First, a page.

Deal or No Deal is played in many different ways around the world. Many different countries have their own version or versions of the show, each with their own twists on the same general format. The general format is described here.
The game revolves around the opening of a set of numbered briefcases, each of which contains a different prize (cash or otherwise). The contents of all of the cases are known at the start of the game, but the specific location of any prize is unknown. The value of each of the cases is indicated by a label or card sealed within it.
The contestant claims (or is assigned) a case to begin the game. The case's value is not revealed until the conclusion of the game.
The contestant then begins choosing cases to be removed from play. The amount inside each choice is immediately revealed; by process of elimination, the amount revealed cannot be inside the player's chosen case. Throughout the game, after a predetermined number of cases have been opened, the banker offers the contestant an amount of money and/or prizes to quit the game, the offer based roughly on the amounts remaining in play and the contestant's demeanor. The player then answers the titular question, choosing:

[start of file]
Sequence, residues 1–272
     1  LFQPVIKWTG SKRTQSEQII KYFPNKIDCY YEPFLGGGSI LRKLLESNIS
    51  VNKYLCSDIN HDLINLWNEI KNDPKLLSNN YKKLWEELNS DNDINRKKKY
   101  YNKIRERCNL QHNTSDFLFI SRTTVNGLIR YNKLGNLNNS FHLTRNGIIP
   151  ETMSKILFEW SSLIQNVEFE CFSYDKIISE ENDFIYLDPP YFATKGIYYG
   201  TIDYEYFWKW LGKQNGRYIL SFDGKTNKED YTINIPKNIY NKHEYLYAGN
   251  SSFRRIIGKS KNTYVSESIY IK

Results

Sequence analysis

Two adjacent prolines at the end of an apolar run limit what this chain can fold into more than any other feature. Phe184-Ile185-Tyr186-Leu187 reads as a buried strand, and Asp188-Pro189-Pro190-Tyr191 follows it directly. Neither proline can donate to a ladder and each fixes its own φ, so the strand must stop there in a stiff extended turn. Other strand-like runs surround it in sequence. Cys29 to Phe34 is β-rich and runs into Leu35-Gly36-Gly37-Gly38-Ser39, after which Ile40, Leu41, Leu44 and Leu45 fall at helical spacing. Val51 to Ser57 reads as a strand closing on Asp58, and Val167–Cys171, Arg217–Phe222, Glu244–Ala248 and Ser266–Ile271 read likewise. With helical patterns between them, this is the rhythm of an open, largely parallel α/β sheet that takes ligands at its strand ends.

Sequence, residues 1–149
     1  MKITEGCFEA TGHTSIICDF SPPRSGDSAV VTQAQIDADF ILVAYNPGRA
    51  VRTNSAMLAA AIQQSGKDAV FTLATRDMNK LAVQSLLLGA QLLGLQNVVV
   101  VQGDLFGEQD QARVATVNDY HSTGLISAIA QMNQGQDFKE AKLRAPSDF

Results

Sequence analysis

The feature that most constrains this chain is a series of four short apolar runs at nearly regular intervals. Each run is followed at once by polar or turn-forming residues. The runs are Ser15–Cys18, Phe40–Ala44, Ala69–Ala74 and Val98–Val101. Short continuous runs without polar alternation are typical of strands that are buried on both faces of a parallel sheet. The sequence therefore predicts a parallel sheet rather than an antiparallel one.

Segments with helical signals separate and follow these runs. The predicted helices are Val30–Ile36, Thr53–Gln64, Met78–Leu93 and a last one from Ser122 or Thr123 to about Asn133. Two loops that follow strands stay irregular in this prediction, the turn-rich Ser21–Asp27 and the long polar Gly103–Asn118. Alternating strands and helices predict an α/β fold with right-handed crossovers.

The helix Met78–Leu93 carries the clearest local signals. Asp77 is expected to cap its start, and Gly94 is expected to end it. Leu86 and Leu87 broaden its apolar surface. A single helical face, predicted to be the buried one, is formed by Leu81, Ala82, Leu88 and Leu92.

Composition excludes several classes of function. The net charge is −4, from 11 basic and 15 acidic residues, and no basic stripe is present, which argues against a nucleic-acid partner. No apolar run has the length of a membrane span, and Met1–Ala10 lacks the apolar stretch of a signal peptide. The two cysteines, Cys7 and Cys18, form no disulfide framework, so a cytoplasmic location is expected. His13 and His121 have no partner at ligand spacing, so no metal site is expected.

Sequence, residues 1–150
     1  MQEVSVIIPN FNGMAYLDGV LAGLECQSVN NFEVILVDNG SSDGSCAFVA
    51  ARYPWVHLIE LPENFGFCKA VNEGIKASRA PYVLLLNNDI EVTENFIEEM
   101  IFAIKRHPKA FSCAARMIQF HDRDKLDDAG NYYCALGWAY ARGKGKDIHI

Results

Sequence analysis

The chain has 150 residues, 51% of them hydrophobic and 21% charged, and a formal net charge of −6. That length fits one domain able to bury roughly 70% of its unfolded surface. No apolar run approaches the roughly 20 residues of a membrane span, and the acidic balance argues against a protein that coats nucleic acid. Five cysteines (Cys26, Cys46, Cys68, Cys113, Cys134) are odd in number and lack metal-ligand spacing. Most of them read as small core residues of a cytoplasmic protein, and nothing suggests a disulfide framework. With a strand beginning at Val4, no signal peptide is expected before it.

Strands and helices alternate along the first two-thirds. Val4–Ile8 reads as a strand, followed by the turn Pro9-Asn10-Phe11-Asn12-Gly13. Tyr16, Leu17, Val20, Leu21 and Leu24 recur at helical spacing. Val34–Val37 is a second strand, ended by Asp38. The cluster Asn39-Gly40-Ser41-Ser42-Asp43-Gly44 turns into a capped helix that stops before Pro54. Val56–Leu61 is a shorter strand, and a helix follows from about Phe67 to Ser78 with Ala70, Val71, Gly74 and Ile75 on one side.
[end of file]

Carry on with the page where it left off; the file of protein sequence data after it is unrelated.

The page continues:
* "Deal", accepting the offer presented and ending the game, or
* "No Deal", rejecting the offer and continuing the game.
This process of removing cases and receiving offers continues, until either the player accepts an offer to 'deal', or all offers have been rejected and the values of all unselected cases are revealed. The player wins the value of the deal taken, or if no deal is taken, the contents of the player's case.
Should a player end the game by taking a deal, a pseudo-game is continued from that point to see how much the player could have won by remaining in the game. Depending on subsequent choices and offers, it is determined whether or not the contestant made a "good deal", i.e. won more than if the game were allowed to continue.
Since the range of possible values is known at the start of each game, how much the banker offers at any given point changes based on what values have been eliminated. To promote suspense and lengthen games, the banker's offer is usually less than the expected value dictated by probability theory, particularly early in the game. Generally, the offers early in the game are very low relative to the values still in play, but near the end of the game approach (or even exceed) the average of the remaining values.
Despite its air of originality and huge international success– there are more than 60 versions worldwide – there have been in fact numerous antecedents to the current run of shows. The first was the It's in the Bag, a New Zealand radio game show invented by Selwyn Toogood which began in the 1950s and which ran for decades after it was later adapted for television (1970s–90s)
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